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Dublin: 13 °C Wednesday 19 September, 2018
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A size 24 fashion blogger is the new face of Nike

Callie Thorpe wants to promote inclusivity within the wellness industry.

IF YOU’VE NEVER heard of Callie Thorpe before, prepare to be educated.

Callie is a Welsh fashion blogger. She’s signed by MILK Model Management, featured in Vogue and just finished up shooting a fashion campaign for SimplyBe.

… And now she’s working with Nike for a very important reason.

Yesterday I spoke about the lack of inclusion of plus size bodies in the fashion industry. Well today I today I want to talk about the lack of representation in so called ‘wellness’ or ‘wellbeing’ movements. Bigger bodies are often ridiculed for being lazy and greedy and yet they are also bullied and mistreated when they do try to explore exercise. The truth is anyone that doesn’t have the perfect fitness proportions are completely ignored from any conversations about exercise or sport. Instead it is the same type of bodies on the covers of fitness magazines or amongst the hashtags on instagram. Well, times are changing and I’m proud and excited to say that I am partnering with @nikewomen long term to try out their plus size active and lifestyle collections which come in sizes 18-32 I’m going to share my journey with finding enjoyment in movement and exercise and I hope this will encourage other women no matter their size (if they want to) to enjoy movement and exercise also. Thank you Nike for being inclusive and understanding the need to include all bodies in your conversations #nikepartner #nikeplussize #nikeplus http://liketk.it/2uG7b #liketkit @liketoknow.it

A post shared by Callie Thorpe (@calliethorpe) on

Today I want to talk about the lack of representation in so called ‘wellness’ or ‘wellbeing’ movements. Bigger bodies are often ridiculed for being lazy and greedy and yet they are also bullied and mistreated when they do try to explore exercise.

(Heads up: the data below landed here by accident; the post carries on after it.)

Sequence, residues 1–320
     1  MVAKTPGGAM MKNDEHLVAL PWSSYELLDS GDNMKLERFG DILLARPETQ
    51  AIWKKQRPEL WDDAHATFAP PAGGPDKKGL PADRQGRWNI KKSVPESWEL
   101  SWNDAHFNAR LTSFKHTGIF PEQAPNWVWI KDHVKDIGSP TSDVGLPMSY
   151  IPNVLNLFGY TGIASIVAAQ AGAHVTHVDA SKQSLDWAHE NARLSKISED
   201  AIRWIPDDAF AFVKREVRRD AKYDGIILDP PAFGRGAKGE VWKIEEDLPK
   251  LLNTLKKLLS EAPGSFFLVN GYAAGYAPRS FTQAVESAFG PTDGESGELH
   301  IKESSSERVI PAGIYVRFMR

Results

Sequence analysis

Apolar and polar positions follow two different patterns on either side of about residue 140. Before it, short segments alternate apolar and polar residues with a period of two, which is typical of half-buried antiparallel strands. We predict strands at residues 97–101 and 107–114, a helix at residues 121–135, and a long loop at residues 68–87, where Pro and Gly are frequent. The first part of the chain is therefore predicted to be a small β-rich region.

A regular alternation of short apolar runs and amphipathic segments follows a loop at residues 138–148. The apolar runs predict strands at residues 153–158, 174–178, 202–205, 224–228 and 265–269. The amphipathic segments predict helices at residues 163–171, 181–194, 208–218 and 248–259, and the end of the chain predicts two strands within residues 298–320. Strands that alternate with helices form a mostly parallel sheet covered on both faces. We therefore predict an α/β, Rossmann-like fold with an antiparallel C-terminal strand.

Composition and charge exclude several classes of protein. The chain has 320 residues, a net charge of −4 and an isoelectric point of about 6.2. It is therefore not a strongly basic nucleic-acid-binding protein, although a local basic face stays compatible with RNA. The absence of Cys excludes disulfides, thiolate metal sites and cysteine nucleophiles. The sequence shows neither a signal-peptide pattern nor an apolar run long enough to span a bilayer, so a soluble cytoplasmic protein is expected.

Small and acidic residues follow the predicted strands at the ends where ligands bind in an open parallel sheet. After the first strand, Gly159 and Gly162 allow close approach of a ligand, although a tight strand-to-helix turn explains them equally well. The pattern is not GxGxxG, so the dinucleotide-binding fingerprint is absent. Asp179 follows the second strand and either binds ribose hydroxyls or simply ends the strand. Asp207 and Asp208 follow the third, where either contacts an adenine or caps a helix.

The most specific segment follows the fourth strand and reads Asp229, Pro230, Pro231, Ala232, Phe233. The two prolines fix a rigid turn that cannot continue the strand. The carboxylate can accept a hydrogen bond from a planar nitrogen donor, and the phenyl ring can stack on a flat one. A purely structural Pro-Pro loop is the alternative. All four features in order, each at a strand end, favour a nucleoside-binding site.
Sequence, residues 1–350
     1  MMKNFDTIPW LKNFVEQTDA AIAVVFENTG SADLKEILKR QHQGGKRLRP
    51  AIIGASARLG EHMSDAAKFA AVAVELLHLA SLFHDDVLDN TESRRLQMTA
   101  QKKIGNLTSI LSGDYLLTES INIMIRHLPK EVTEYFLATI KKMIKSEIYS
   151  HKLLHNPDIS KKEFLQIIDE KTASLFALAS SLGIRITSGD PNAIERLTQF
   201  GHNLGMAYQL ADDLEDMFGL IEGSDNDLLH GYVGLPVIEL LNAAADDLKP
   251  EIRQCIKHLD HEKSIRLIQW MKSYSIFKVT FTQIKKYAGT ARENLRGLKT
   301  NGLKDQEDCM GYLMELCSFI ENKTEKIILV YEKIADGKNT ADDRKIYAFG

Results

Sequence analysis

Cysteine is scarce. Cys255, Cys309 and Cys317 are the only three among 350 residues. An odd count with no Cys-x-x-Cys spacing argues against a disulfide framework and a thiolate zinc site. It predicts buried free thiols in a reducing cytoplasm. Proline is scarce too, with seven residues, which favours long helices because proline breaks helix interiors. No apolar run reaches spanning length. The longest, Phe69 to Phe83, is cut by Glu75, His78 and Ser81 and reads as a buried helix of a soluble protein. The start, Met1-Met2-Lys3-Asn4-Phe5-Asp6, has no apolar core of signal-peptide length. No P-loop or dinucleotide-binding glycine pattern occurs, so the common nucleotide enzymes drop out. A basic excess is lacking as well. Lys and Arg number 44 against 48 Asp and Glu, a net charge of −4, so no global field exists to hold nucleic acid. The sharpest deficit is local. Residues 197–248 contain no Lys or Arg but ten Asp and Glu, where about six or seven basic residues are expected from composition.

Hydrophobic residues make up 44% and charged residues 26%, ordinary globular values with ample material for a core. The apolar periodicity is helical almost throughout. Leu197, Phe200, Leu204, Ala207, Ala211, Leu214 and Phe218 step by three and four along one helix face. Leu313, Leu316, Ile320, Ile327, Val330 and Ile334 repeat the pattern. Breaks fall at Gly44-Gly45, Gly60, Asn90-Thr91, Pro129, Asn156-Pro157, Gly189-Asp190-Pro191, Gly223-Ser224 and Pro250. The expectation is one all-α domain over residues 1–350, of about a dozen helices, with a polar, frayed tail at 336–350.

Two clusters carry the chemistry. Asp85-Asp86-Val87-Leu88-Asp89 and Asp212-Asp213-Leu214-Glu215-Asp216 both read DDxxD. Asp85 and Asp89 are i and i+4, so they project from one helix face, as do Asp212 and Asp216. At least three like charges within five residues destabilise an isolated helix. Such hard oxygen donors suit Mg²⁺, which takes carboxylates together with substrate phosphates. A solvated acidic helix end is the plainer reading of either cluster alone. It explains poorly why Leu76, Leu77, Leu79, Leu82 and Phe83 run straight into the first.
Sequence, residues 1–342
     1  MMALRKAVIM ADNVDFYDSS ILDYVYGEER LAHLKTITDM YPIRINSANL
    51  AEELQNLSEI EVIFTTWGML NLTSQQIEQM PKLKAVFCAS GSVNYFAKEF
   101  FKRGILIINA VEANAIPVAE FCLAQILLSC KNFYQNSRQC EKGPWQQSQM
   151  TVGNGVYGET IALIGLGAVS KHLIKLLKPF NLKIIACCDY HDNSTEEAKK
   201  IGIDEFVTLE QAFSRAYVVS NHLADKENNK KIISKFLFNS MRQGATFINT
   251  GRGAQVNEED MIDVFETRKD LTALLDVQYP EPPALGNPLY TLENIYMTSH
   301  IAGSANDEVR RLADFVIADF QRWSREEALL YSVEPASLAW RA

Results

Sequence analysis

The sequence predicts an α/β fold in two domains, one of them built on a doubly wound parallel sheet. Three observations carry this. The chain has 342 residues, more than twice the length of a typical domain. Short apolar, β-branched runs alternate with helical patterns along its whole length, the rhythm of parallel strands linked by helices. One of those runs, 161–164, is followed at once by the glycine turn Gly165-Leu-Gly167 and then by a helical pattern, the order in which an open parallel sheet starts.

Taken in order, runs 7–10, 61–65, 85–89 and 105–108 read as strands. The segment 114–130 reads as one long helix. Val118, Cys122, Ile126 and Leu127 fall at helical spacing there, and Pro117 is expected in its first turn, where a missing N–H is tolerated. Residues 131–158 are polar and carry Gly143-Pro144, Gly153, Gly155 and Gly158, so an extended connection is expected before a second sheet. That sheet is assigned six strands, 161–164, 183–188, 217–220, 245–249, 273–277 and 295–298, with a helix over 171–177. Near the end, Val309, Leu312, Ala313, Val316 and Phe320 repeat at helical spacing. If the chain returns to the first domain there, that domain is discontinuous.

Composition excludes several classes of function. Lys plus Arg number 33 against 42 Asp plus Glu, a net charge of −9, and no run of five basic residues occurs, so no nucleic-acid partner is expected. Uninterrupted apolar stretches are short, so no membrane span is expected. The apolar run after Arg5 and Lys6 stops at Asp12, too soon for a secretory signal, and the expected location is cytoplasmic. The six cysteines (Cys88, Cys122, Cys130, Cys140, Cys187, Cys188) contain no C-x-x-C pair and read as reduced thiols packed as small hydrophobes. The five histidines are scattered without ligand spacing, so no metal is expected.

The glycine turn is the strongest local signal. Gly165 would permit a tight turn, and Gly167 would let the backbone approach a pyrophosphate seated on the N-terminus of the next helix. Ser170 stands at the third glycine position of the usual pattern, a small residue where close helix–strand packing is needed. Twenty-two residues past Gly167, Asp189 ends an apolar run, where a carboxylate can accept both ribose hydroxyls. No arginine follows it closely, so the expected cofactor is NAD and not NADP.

The truth is anyone that doesn’t have the perfect fitness proportions are completely ignored from any conversations about exercise or sport. Instead it is the same type of bodies on the covers of fitness magazines or amongst the hashtags on Instagram.”

Thorpe will be working with Nike on a long-term project, trialling their plus size active and lifestyle collections.

She’s proven herself to be a leading voice in the fight for inclusivity in a famously fickle industry. After her Vogue feature, Thorpe was faced with a tide of negative comments. As a result, she was invited to appear on the national news to speak about the effects of online trolling, and into Vogue House to meet the team of editors.

People may or may not agree with me being included in the Miss Vogue piece and continue trolling me over it, but I will not stop speaking out.
Representation matters, and for women who feel their body types are never represented in the media, my image appearing on the Vogue website meant something. Cruel people on the internet may not get it, but I want to hope that more people will do now than they did before.”

*endless applause emojis*

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